​The answer to that question would require pages and would bore your readers. Suffice it to say that I was desirous of a break from the photo industry since I wasn’t furthering my own creative goals; I grew tired of my social life in the city; I had become very interested in regenerative agriculture and wanted to see if life as a farmer was enjoyable, sustainable, and profitable; and lastly, the universe presented an opportunity that was hard to pass up.

In what ways has living in the country changed your life?
​Living in the country has given me the time and space to evaluate my life up to and at this point. To figure out what has worked and what hasn’t. To feel what I need more of (nature, community, simplicity) and what I haven’t missed (small apartments, the dating scene, concrete). It’s afforded me daily reminders that the country of which I’m a citizen is more sharply divided than it would appear in its major cities and has forced me to confront those realities. Most importantly, I think, is that it has allowed me to feel less pressure to create perfect, city-worthy work. The consistent work schedule and bright lights of New York no longer dim my own creative bulb.

Do you feel at home in Virginia?
I’m not sure I feel at home anywhere, to be honest. That said, I feel more “at home” in my current home here in Virginia than I’ve felt in most other places I’ve lived. But, the town and surrounding countryside where that home is located does not bring with it a feeling of being home.

You have criss-crossed America and travelled to and lived in different parts of the world. What is the best road trip one could take in America, and worldwide?
The best road trip is the one you’re currently on. That’s how I really want to answer. But, I’d be remiss if I passed up the opportunity to inspire someone who hasn’t yet traveled this vast land.

​In America, if you have the time, resources, and stamina, there’s simply no better way to experience the country than by making the great loop: East coast to the West coast via the northern or southern route and using the entire West coast as your U-turn. Keep off the interstates, out of chain hotels, and an ear to the ground for local knowledge. If you can do it in a convertible that was produced sometime during 1950 – 1975, all the better. ​If you can’t afford to do all that, I’d suggest a trip across the top of the nation (the Dakotas, Montana, Idaho, Oregon, Washington, Wyoming) in spring or late summer and dropping down into your favorite mountain range.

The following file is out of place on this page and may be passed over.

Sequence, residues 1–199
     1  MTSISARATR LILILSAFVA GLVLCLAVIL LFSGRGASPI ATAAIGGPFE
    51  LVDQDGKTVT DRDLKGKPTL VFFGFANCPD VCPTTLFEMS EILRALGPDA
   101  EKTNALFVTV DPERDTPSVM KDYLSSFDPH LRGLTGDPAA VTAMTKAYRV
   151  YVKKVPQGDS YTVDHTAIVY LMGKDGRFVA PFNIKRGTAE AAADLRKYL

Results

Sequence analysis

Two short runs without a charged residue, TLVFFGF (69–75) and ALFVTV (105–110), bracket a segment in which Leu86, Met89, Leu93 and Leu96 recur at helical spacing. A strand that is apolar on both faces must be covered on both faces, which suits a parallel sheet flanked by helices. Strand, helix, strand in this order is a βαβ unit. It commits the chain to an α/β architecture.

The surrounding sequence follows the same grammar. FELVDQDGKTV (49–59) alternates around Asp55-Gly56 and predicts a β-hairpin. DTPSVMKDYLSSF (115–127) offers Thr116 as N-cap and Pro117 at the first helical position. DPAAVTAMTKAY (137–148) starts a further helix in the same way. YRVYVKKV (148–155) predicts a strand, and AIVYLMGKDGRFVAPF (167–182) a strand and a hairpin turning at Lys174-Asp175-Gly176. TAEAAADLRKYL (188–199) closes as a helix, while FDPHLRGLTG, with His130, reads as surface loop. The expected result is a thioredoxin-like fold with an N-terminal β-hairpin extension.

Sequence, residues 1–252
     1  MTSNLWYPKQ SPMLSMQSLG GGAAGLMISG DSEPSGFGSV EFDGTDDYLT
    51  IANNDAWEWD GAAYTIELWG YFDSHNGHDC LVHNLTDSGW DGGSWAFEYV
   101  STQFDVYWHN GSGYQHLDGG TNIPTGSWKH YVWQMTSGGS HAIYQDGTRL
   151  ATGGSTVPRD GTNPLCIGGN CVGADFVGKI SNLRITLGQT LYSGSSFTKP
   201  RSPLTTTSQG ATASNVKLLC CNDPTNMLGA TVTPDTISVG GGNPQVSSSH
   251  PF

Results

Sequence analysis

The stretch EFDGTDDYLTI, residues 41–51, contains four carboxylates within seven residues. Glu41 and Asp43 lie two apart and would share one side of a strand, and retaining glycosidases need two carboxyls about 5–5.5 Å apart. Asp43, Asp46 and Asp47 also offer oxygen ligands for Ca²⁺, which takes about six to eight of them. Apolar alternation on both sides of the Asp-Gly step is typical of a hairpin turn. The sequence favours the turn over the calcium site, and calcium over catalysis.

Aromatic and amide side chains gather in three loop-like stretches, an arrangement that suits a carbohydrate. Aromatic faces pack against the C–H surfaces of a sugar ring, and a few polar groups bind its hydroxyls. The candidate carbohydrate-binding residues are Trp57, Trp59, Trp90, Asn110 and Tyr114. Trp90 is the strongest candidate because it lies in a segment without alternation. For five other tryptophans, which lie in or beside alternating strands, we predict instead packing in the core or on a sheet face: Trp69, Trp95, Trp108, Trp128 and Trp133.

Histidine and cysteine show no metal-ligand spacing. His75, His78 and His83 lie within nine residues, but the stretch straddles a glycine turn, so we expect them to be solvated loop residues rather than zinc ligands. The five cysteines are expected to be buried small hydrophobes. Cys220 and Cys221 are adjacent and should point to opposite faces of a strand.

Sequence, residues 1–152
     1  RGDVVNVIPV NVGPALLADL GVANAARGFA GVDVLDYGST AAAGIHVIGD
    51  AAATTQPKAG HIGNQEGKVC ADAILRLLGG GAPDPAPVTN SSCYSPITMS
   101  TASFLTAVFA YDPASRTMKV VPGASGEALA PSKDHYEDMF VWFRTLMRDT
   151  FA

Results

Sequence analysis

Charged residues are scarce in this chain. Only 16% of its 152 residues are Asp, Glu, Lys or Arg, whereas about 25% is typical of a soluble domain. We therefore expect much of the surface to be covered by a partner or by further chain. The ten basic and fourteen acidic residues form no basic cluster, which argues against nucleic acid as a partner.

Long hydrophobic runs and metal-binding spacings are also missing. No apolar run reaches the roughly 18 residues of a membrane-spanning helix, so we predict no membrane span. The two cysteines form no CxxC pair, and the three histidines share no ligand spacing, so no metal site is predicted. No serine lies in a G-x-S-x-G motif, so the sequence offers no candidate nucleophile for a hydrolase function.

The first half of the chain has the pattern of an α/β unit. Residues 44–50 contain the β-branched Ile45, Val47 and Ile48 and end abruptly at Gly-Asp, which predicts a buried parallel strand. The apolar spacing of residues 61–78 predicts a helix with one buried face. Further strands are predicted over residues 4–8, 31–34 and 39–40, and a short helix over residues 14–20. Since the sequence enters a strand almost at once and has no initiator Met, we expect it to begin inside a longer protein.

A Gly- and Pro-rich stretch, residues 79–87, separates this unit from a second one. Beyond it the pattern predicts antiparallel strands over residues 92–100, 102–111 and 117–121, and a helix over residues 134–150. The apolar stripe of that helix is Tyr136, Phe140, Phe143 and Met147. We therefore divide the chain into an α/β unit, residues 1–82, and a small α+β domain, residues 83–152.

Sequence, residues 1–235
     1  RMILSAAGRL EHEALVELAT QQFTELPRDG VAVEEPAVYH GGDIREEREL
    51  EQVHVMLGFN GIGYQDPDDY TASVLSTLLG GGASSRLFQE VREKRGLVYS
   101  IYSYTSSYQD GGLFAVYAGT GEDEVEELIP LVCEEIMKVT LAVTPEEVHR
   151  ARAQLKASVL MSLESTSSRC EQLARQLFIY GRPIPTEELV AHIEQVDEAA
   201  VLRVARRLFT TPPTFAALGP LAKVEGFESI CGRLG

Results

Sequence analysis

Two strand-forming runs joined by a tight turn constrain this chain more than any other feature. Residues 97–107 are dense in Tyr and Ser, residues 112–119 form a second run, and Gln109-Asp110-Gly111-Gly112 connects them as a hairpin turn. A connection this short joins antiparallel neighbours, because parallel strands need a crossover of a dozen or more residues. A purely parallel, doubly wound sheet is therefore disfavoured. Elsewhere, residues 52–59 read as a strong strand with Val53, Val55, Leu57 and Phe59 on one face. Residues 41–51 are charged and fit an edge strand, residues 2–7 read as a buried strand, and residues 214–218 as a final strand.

​As for a trip in other parts of the world, abandon the car and get on a train or a boat.

What is your favourite moment of the day for shooting? Do you swear by the golden hour?
​I don’t think I have a favorite moment of the day to shoot. Of course, the sun at a low angle filtering through layers and layers of atmosphere and smog is gorgeous light, but maybe that’s not the best light for the story you’re trying to tell.

In this time and age, you wish people appreciated more:
Each other.

If you could be anywhere in the world right now (old or new location), preparing to make a photo, where would you want to be?
​My lack of an answer to this question is indicative of my current creative struggles.
 
Kyle Petrozza photography

Arizona, 2018

 
 

Website: KylePetrozza.com | Instagram: @kylepetrozza

 
 
Classiq Journal - One Day That Summer interviews

More photographer interviews: One Day That Summer: The Dune, Hossegor / One Day That Summer: Torres Del Paine, Chile / One Day That Summer: Little Dreamer, Paris
 

Posted by classiq in Interviews, One day that summer, Photography | | Leave a comment

A Return To Simplicity: Summer Style in Movies

I’ve made a habit of watching some of my all-time favourite summer movies this time of year and I feel compelled to have you join in the fun. So here are ten films which provide some good summer viewing, as well as some serious schooling in summer style. Relax and dress to feel good, and carry that feeling with you throughout the year.
 
Summer style - Tilda Swinton in A Bigger Splash

Tilda Swinton and Ralph Fiennes in ‘A Bigger Splash”

 
Tilda Swinton in A Bigger Splash (2015)

Loosely based on Jacques Deray’s La piscine, Luca Guadagnino’s A Bigger Splash also references Roberto Rossellini’s 1954 Viaggio in Italia. One of the looks worn by Tilda Swinton (an ample black and white checkered skirt and matching top), who plays the protagonist, Marianne, was in fact inspired by one of Ingrid Bergman’s outfits in Journey to Italy, said the costume designer Giulia Piersanti, who collaborated with Raf Simons and Dior to create something more modern and summery.